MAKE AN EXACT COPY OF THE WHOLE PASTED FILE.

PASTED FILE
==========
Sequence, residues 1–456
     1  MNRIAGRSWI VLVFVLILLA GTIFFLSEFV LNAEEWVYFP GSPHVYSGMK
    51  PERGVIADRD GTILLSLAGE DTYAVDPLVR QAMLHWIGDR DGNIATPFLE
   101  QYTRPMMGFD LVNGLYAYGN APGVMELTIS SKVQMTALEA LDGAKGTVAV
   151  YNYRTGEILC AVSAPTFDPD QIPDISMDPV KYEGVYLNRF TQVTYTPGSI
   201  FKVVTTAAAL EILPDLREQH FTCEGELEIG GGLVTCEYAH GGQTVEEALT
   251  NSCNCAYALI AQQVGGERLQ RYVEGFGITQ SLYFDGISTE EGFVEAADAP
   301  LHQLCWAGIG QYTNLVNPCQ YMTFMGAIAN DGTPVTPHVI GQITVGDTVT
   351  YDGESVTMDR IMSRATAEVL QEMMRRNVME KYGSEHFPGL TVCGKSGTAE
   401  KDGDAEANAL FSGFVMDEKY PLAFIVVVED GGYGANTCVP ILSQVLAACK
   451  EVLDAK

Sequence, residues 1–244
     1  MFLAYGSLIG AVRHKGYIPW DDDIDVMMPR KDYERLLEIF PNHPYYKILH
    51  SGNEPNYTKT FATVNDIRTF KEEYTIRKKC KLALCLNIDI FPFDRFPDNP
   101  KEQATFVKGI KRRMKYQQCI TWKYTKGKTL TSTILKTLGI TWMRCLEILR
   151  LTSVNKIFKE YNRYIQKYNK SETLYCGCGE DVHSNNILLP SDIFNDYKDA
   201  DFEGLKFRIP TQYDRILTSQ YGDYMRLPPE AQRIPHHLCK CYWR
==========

Sequence, residues 1–456
     1  MNRIAGRSWI VLVFVLILLA GTIFFLSEFV LNAEEWVYFP GSPHVYSGMK
    51  PERGVIADRD GTILLSLAGE DTYAVDPLVR QAMLHWIGDR DGNIATPFLE
   101  QYTRPMMGFD LVNGLYAYGN APGVMELTIS SKVQMTALEA LDGAKGTVAV
   151  YNYRTGEILC AVSAPTFDPD QIPDISMDPV KYEGVYLNRF TQVTYTPGSI
   201  FKVVTTAAAL EILPDLREQH FTCEGELEIG GGLVTCEYAH GGQTVEEALT
   251  NSCNCAYALI AQQVGGERLQ RYVEGFGITQ SLYFDGISTE EGFVEAADAP
   301  LHQLCWAGIG QYTNLVNPCQ YMTFMGAIAN DGTPVTPHVI GQITVGDTVT
   351  YDGESVTMDR IMSRATAEVL QEMMRRNVME KYGSEHFPGL TVCGKSGTAE
   401  KDGDAEANAL FSGFVMDEKY PLAFIVVVED GGYGANTCVP ILSQVLAACK
   451  EVLDAK

Sequence, residues 1–244
     1  MFLAYGSLIG AVRHKGYIPW DDDIDVMMPR KDYERLLEIF PNHPYYKILH
    51  SGNEPNYTKT FATVNDIRTF KEEYTIRKKC KLALCLNIDI FPFDRFPDNP
   101  KEQATFVKGI KRRMKYQQCI TWKYTKGKTL TSTILKTLGI TWMRCLEILR
   151  LTSVNKIFKE YNRYIQKYNK SETLYCGCGE DVHSNNILLP SDIFNDYKDA
   201  DFEGLKFRIP TQYDRILTSQ YGDYMRLPPE AQRIPHHLCK CYWR